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Special DutyA History of the Japanese Intelligence Community$
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Richard J. Samuels

Print publication date: 2019

Print ISBN-13: 9781501741586

Published to Cornell Scholarship Online: May 2020

DOI: 10.7591/cornell/9781501741586.001.0001

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Accommodating Defeat (1945–1991)

Accommodating Defeat (1945–1991)

Chapter:
(p.79) Chapter 3 Accommodating Defeat (1945–1991)
Source:
Special Duty
Author(s):

Richard J. Samuels

Publisher:
Cornell University Press
DOI:10.7591/cornell/9781501741586.003.0003

This chapter explores how the accommodation by Japanese leaders to U.S. power and to the public's widespread aversion to security affairs shaped and stunted the Japanese intelligence community during the Cold War and beyond. Japan's intelligence failures in the Asia-Pacific War contributed to the new strategic environment that, in turn, drove the subsequent transformation of each element of Japan's intelligence community. The subordination of Japanese foreign and security policy to U.S. priorities set strict limits on the shape, pace, and direction of intelligence reform. In the nearly half century from 1945 to 1991 during which Japan was a junior partner to its conqueror, Japan's degenerated intelligence community became an undersized, compromised, and organizationally handicapped operation. Analysts have called Japan's Cold War intelligence community “a stark transformation from the past” marked by sharp “discontinuity.”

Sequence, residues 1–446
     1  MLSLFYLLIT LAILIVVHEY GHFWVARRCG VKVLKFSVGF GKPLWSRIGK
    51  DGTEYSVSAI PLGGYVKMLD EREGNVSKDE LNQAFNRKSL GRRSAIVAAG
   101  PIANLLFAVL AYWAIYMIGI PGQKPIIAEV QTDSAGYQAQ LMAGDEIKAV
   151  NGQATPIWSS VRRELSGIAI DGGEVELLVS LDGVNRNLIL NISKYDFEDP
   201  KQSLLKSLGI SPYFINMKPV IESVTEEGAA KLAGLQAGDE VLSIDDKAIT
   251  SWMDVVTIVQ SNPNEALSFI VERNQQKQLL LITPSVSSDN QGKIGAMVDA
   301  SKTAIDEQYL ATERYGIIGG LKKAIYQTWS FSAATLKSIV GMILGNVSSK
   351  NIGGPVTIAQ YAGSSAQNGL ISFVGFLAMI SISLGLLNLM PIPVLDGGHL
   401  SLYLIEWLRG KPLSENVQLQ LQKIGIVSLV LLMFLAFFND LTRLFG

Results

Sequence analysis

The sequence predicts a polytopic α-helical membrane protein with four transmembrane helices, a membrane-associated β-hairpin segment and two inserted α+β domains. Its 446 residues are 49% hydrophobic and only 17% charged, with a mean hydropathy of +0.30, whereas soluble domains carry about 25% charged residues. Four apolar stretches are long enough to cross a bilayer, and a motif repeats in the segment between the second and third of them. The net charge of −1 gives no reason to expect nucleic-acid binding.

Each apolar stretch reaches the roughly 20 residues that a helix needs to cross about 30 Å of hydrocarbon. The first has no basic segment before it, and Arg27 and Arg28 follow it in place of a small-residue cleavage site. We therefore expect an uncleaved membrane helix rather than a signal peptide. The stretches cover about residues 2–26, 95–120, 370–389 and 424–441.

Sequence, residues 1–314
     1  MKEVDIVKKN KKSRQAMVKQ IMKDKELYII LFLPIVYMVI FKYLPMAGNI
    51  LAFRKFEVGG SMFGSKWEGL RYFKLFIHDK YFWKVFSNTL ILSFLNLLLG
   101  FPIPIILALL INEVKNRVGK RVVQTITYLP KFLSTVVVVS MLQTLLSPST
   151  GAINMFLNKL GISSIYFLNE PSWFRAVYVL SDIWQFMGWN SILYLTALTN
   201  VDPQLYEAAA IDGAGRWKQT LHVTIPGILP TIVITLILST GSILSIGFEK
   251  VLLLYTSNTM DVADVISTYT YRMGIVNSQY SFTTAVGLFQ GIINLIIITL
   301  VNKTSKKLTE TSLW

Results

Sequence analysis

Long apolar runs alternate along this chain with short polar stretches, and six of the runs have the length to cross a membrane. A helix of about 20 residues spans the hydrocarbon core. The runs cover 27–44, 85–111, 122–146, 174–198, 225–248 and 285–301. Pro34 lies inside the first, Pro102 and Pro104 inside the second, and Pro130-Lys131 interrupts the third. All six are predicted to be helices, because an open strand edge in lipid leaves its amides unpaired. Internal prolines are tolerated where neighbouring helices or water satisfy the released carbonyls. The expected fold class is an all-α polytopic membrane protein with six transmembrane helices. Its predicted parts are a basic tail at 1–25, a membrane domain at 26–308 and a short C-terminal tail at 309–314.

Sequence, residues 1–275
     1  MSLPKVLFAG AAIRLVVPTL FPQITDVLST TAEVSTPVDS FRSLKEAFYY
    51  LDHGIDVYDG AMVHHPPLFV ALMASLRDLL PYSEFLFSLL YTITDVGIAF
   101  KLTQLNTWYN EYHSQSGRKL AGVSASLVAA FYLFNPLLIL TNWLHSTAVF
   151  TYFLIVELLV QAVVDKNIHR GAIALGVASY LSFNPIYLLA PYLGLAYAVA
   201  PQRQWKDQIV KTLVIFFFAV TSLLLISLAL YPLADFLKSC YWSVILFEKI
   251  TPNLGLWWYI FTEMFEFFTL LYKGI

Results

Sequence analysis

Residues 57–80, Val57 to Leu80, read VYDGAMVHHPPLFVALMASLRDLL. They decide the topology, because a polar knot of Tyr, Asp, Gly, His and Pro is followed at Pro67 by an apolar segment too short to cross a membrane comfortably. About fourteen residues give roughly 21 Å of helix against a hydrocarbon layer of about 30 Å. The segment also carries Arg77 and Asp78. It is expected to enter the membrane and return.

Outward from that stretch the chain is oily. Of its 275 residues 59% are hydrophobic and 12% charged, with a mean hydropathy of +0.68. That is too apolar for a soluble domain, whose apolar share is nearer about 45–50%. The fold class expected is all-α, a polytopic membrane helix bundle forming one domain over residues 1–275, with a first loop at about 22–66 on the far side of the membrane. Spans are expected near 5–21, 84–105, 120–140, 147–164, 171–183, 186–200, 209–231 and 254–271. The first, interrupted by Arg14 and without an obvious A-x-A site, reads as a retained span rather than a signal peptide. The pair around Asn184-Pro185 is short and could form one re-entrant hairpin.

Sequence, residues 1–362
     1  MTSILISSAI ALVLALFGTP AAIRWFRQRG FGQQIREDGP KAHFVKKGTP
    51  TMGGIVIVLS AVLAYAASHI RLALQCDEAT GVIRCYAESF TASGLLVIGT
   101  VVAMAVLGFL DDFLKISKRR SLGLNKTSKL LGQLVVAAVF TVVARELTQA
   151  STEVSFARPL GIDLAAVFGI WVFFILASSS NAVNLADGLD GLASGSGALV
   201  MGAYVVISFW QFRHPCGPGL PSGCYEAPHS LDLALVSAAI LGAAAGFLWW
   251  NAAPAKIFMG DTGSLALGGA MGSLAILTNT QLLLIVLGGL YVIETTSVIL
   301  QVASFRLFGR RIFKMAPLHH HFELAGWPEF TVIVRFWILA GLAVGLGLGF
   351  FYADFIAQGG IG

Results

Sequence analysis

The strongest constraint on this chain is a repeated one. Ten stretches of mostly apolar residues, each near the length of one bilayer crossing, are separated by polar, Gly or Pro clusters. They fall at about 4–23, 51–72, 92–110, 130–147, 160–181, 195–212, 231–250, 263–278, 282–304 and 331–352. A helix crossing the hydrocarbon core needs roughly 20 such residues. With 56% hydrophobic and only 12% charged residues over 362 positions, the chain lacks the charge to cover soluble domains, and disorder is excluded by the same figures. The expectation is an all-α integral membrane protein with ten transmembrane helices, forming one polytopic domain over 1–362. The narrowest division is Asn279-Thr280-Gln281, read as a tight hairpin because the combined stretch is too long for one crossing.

Keywords:   Japanese leaders, U.S. power, security affairs, Cold War, intelligence failures, Asia-Pacific War, Japanese intelligence community, Japanese intelligence reform

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